I haven’t refuted these things because I’ve always assumed that people don’t believe them. There’s either no evidence to support such ideas or I’ve made written or oral statements (“I’ve never sold drugs, I haven’t sexually abused anyone”) to certain people which indirectly affirm that I’m not a deviant, or at least that sort of deviant.
However, according assholes like Byron York, the burden of establishing the truth or falsity of such things doesn’t rest on any potential accusers; it’s up to me. At least that’s the “logic” York applies to the widespread belief that President Obama is a Muslim:
[An August 2010] poll by the Pew Forum on Religion and Public Life shows that 18 percent of Americans believe Obama is a Muslim. That is up from the 12 percent who believed that in October 2008, just before Obama was elected president.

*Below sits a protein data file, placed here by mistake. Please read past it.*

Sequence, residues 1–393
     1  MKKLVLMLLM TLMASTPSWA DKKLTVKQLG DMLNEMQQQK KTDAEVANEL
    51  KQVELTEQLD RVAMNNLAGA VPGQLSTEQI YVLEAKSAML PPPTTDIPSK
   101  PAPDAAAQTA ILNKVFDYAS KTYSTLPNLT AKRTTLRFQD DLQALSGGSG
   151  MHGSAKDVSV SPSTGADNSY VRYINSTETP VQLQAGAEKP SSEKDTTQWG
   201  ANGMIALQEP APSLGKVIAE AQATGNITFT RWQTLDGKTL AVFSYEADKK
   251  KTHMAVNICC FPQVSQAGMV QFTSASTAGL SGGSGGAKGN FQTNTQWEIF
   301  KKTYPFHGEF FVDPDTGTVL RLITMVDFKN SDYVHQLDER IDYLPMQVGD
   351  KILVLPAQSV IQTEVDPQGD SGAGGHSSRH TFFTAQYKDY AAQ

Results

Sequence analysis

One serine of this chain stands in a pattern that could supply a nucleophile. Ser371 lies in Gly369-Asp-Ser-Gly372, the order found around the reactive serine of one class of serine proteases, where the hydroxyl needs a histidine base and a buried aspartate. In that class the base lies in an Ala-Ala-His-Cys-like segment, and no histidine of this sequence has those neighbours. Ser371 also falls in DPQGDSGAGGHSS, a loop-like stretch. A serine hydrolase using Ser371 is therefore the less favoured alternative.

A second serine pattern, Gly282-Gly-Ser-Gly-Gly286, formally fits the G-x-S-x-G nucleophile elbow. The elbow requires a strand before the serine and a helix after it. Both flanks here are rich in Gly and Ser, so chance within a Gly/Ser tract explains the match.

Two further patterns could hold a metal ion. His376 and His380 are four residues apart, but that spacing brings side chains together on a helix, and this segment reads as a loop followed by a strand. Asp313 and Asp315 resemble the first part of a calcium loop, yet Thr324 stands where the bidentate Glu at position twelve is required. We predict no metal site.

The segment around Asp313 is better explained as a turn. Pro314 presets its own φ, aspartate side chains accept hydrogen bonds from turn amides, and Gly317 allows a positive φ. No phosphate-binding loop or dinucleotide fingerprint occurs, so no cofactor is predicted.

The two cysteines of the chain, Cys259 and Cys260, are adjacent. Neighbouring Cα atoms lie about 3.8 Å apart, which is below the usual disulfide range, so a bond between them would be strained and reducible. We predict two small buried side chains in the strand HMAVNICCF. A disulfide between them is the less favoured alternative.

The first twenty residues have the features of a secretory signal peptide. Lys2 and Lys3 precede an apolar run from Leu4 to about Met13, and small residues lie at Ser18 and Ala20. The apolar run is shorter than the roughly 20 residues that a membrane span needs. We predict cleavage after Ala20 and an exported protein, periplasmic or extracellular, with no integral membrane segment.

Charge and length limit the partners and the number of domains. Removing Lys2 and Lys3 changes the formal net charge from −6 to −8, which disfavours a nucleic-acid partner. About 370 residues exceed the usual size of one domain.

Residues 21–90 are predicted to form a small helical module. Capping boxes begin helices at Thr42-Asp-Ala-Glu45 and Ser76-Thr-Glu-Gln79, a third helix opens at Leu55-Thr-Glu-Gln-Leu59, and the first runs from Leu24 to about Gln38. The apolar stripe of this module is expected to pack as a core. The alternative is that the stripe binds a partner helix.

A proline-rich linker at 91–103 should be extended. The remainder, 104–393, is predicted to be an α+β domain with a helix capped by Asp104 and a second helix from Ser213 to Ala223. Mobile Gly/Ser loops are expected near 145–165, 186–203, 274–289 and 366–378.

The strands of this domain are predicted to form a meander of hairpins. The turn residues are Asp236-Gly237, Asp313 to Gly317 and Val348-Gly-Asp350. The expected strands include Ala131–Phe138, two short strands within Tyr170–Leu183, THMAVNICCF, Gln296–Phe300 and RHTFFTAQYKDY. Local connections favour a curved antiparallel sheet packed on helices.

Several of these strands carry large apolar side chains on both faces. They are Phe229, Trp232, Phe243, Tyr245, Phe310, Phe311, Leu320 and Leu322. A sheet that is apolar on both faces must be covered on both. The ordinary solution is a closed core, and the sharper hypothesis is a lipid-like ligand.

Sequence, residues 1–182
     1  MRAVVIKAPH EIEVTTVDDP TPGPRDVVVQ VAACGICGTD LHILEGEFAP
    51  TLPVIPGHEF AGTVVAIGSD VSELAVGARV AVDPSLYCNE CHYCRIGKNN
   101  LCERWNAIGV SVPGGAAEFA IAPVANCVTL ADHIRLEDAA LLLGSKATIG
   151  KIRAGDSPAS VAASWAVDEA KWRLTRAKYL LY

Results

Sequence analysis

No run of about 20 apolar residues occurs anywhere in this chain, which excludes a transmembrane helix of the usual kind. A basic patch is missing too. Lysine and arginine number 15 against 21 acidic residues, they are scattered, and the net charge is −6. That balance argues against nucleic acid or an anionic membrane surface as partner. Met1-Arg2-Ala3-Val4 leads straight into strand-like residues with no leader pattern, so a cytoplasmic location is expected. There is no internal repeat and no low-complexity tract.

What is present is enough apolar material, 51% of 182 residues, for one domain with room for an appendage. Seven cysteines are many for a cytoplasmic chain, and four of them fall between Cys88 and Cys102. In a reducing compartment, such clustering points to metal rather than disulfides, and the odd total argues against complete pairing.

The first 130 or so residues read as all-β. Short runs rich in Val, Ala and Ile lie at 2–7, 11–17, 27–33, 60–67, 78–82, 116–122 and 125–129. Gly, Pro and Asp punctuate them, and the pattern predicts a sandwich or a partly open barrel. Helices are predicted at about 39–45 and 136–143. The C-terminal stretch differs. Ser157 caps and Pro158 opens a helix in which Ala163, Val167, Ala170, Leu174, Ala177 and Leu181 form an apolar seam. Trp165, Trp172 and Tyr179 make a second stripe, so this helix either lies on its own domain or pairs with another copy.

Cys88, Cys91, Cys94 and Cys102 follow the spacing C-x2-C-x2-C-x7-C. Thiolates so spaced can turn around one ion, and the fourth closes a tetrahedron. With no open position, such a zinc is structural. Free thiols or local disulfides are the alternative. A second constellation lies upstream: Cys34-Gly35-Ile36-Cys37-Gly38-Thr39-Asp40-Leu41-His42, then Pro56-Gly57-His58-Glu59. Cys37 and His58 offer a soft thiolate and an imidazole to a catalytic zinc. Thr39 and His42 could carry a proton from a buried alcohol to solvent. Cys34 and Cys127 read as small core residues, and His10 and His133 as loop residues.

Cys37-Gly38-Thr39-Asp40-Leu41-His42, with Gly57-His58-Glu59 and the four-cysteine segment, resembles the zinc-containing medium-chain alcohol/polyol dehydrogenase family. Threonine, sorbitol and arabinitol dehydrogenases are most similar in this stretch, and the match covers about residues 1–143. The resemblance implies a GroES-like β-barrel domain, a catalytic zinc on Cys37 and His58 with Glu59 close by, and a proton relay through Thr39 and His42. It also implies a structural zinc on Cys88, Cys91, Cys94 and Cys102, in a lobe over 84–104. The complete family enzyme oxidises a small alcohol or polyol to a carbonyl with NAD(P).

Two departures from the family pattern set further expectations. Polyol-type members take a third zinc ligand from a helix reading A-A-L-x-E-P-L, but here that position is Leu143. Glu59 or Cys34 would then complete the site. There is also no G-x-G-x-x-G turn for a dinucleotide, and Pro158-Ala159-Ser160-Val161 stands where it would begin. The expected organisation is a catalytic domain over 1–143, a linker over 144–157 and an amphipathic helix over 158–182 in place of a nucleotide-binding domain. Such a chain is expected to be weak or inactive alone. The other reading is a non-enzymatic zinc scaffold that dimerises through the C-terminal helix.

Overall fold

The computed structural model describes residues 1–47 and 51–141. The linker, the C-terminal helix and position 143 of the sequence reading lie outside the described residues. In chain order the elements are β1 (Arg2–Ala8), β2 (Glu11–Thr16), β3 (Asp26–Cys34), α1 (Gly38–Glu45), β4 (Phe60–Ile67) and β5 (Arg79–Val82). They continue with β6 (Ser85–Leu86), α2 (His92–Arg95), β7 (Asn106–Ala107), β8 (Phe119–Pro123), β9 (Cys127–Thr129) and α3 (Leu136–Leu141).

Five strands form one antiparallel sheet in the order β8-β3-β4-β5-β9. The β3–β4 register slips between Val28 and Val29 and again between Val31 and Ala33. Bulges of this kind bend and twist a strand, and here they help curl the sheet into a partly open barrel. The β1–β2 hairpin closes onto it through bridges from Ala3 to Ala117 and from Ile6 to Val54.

At the same time, the number of Pew respondents who say Obama is a Christian — in “Dreams From My Father,” he describes his conversion to Christianity under the tutelage of the Rev. Jeremiah Wright — has declined from 51 percent in October 2008 to 34 percent now. And the number of people who say they don’t know Obama’s religion is growing, from 32 percent back then to 43 percent today. The White House blames the situation on a “misinformation campaign” from Obama’s opponents. But Obama and his aides might also blame themselves for the way they’ve handled the Muslim issue over the years.
Right. It couldn’t be that assholes like Byron York, whose physical resemblance to Bill Lumbergh (below) is probably no accident, are part of that misinformation campaign and that they only have careers as journalists because they capitalize on the galactic credulity of the wingnut arm of the American citizenry. (Incidentally, I’m not comparing being a Muslim to being a criminal. I assume people reading this are intelligent enough to figure that out, but still.)